Are security vulnerabilities to hacker attacks a defect for which the software provider can be held liable?
Up until 31 December 2021, this question could be answered briefly and easily with ‘No!’
In 2019, for example, the Consumer Advice Centre of North Rhine-Westphalia instituted court proceedings before the Higher Regional Court of Cologne against a large electronics retailer which sold a mobile phone with an outdated Android operating system. A technical examination by the German Federal Office for Information Security (BSI) showed that it had various security vulnerabilities and that its use thus represented a considerable security risk. In addition, security updates for this outdated operating system were no longer available at the time of purchase. In its decision of 30 December 2019 (case no. 6 U 100/19), the Higher Regional Court of Cologne nevertheless ruled that security vulnerabilities did not impair the marketability of the smartphone in question and that the functionality of the operating system itself was not impaired by this security vulnerability. Since the operating system was thus capable of providing the intended services, there was no defect.
On 1 January 2022, however, a number of significant changes in sales law came into force that particularly affect digital products. The reason for this is EU Directive 2019/771 (Sale of Goods Directive) on the one hand and Directive (EU) 2019/770 on digital content and digital services on the other hand. These directives forced the national legislatures of the European Union to adapt numerous regulations, particularly in the Civil Code (BGB) in the Federal Republic of Germany.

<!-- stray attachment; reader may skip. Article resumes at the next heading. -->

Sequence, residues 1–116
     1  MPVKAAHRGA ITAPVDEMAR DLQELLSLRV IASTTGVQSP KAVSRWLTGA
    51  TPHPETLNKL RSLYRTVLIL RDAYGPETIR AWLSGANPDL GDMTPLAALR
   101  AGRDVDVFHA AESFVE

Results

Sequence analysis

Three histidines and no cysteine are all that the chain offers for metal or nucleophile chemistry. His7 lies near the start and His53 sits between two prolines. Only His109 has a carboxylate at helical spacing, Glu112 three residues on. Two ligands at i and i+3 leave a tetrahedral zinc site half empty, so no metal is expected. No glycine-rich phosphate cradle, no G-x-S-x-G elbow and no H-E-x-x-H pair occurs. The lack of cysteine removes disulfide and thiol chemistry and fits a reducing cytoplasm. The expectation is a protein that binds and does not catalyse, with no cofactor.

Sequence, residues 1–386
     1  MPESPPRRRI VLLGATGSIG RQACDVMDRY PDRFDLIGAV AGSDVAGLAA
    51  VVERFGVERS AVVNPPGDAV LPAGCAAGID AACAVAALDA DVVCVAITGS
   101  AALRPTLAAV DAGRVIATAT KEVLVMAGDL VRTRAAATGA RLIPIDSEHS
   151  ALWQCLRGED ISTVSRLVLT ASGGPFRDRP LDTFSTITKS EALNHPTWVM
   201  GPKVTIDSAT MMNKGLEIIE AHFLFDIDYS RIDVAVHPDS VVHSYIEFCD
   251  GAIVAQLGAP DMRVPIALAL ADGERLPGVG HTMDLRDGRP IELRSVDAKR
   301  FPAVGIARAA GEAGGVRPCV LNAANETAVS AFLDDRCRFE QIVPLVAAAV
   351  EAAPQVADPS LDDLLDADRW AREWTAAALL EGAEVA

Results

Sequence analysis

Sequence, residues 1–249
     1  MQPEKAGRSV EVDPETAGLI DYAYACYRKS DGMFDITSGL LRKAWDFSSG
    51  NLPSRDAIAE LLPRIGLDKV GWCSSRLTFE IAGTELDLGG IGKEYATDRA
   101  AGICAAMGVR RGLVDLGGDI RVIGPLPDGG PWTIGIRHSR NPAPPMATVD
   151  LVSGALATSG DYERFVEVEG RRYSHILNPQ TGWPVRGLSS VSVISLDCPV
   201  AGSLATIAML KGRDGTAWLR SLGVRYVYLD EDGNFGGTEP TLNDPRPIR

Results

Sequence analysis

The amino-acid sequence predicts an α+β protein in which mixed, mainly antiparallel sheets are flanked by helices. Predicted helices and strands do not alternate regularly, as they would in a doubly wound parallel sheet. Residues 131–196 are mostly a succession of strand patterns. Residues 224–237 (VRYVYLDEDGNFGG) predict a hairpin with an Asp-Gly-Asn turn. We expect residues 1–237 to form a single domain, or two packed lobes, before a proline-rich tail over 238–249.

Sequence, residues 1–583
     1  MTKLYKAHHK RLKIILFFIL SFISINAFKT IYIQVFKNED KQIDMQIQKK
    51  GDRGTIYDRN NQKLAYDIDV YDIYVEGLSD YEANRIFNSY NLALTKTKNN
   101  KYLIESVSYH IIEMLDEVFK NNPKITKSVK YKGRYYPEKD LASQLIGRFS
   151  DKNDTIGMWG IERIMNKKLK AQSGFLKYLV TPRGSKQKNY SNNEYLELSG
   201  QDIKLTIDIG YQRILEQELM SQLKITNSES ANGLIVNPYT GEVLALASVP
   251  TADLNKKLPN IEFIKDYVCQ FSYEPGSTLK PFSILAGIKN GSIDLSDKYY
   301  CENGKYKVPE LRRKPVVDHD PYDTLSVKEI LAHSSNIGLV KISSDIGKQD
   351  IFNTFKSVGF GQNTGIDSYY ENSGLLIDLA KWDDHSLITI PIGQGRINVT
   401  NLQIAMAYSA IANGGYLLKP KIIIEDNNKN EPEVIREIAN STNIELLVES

These adaptations constitute a significant strengthening of consumer warranty rights, especially for purchases of digital elements or digital products. This already begins with the fact that the law now mentions “goods with digital elements” for the first time. This not only refers to goods that are linked to a digital product, such as a smart TV or voice-controlled speakers, but also to smartphones. In this case, the digital element is necessary for the sold goods to work at all.
Furthermore, for these goods with digital elements, Section 475b BGB now stipulates that the entrepreneur has an “obligation to update” with regard to the digital element. This obligation does not end with the purchase, but continues to exist, namely for the period in which the consumer can expect updates based on the nature and purpose of the item. The length of this period is determined, for example, by advertising claims, the purchase price or the materials used in the production of the goods. The goods sold with a digital element must therefore not only be up-to-date when the purchase contract is concluded and the handover to the buyer, but must also be kept up to date for a sufficiently long period of time after the purchase. In the case of the Cologne court decision described above, and considering the new legal situation, there was undoubtedly a defect justifying a warranty claim from the buyer, since the operating system was no longer updated.
Furthermore, the new provision of Section 327e Para. 3 No. 2 BGB for consumer contracts regulates that the digital product must also have the necessary “security”, otherwise it is defective. Although this law does not define the concept of security in more detail, it will ultimately have to be understood as both IT security and product safety.
As a result, the consumer is entitled to assert warranty claims against the seller if this security is not guaranteed in the product sold.